posted on Jun, 11 2014 @ 10:51 PM
Ideology can become the sun about which cultural and social issues revolve. Conservatives who beat to their parties drum become unable, at a
fundamental level, to think clearly about the issue of global warming because their overriding unconscious concern isn't the merit of the scientific
claims; or the value of probabilistic thinking in framing the importance of something; what occupies their mind, subliminally, is whether the required
solution is reconcilable with their political biases. Its as if the unconscious has a magnet within it: it senses those things which are attractive
and likewise those things which repulse. Since government would be needed to regulate the gas, coal and oil industry, the libertarian unconscious
becomes coopted by it's own beliefs: it repels the facts of climate change as a means to maintain cognitive coherence.
How are we to deal with a fact like this^^^^? If the mind doesn't pay attention to it's own processes, if the mind doesn't have a "map" to it's
own mind - which requires an in depth knowledge of all the different ways that the unconscious influences thinking - how can we ever hope to save
ourselves from the disaster that our children and grandchildren will most likely face?
I have read all sorts of responses to my thread "Cosmos: Global Warming", but I've more or less resisted my impulse to respond. The reason is
simple: the people who hold to a contrary view are the type of people described in that first paragraph. If they aren't aware of the pull that
ideology has on their reasoning, if they don't see how reality becomes "framed" by the emotions which ride beneath the stream of our conscious
thoughts, why would I even bother?
This to me is the underlying issue: how people think. The government of Stephen Harper, in Canada, as well as the finance minister of Australia, both
believe global warming is a bunch of hokum. Or at least, they think its exaggerated. The Harper government is antsy to expedite the keystone pipeline
- and they will bait and enchant Albertans with the promise of economic prosperity to get it passed. The problem described above is undoubtedly
operating within the minds of these sorts of people. The oil sands are being seen by them as a resource. As a politician and businessman, Harper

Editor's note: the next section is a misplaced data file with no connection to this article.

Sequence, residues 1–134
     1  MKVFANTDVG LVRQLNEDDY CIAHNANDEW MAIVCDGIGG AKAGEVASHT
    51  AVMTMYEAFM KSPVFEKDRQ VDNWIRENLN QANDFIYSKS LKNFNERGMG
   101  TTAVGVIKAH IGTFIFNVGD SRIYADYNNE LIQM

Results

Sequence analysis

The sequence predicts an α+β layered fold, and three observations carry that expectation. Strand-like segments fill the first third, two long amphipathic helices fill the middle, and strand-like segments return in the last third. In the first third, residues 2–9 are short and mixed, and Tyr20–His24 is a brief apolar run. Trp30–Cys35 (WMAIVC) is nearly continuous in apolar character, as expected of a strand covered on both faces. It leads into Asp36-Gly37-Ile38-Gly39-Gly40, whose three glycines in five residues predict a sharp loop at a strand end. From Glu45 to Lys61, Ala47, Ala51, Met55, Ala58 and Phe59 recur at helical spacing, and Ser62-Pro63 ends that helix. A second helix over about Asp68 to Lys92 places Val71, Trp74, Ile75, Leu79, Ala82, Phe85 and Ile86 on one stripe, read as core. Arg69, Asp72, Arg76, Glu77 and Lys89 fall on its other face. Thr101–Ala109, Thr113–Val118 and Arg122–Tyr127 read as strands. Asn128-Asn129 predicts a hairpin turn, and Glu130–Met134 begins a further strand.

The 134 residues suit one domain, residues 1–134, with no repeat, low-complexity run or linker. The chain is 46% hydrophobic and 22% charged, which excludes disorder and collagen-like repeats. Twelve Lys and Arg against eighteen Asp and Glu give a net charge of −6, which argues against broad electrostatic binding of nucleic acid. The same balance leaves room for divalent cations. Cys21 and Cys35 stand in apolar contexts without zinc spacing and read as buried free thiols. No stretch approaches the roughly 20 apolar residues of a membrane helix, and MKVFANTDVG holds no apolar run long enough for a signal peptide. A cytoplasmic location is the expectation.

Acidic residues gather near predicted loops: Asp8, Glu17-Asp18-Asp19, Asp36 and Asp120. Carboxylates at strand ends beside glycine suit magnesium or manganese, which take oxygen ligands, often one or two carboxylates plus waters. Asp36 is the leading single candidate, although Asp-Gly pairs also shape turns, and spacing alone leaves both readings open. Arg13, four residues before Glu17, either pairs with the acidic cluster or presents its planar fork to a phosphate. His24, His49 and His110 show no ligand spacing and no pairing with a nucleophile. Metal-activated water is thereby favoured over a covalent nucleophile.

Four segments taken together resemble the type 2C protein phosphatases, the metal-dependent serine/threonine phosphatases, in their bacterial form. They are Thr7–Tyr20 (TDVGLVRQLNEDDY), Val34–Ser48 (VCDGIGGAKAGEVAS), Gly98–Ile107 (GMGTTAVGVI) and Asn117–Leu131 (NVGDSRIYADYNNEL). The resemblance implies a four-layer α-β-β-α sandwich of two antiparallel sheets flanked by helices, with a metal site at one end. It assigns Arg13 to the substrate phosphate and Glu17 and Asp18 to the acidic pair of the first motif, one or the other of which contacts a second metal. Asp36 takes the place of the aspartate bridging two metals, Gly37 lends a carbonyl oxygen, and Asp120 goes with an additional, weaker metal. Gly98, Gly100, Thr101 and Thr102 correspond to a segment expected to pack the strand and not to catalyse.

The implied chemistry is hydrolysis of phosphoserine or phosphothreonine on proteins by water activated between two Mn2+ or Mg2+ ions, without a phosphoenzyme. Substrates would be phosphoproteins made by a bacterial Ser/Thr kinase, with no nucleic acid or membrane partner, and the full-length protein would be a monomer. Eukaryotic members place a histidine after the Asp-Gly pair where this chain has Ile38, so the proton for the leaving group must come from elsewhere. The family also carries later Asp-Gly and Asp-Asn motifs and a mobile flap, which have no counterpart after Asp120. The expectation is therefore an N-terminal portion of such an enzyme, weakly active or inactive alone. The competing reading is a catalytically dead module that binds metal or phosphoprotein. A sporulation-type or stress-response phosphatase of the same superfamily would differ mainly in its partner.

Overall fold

can't help but let his mind become organized in this way. Scientists like James Hansen, and essentially every climate scientist on the planet who
understands basic physics, on the other hand, is terrified. And of course, the scientists are right, and the politician is wrong. The politician lacks
the humility to be a responsible steward. He sees only the economic promise of the next few years, and not the runaway greenhouse affect that'll
likely emerge if human beings do not stop burning fossil fuels. This is what our children and grandchildren - and their children, onwards, will have
to deal with.
Were at a point where the science is unequivocal. Only a lack of scientific knowledge - or a superficial cliched repertoire of "facts" - would lead
someone to the conclusion that it's all just a hoax, a scheme to impose socialism on the masses.
Even if it were a scheme to impose socialism - and I am personally pro-market - the science is too persuasive to be ignored. Unfortunately, though,
clarity of thought is not yet widespread enough to lead to effective action.
A further problem appears to be the abstract nature of the claim. An astroid heading to earth feels more substantial than a geochemical process that
takes 100 years to realize its full potential. If we keep dumping Co2 in the atmosphere, the earth may be thrown into a positive feedback loop, where
the effects accelerate the causes. Positive feedback is what climate scientists - and any intelligent human being - should be afraid about.
I hope that what I've written, particularly in that first paragraph, has proved enlightening. Self investigation should be a practice children should
learn from the earliest years. WHY? Is not asked enough when we hold to a particular belief. We do not consider how my support for A (libertarianism,
etc) is compromising my ability to think objectively about B (global warming, etc). And yet, this is a life and death matter. Life is full of these
situations. Everyday, people get caught up in transferences and counter-transferences and neither party has an inkling that their responding to
non-verbal, imagistic cues observed in the other party.
If humanity is to survive what we've done, it'll involve a complete maker-over of our civilization. Fossil Fuel use is just a symptom of a greater
disease: the lust for physical wealth. And the lust for wealth, not ironically, is whats impairing so many minds from objectively assaying the gravity
of the threat posed by carbon dioxide concentration to our atmosphere.
What we need is mindfulness. People need to become aware of themselves, of their bodies; of what they feel. They need to see how they work, and how
dissociation operates within their inner psyche. Knowledge proceeds from this. So long as people are unaware of how they think, I don't see how were
going to prevent a future climate calamity from happening.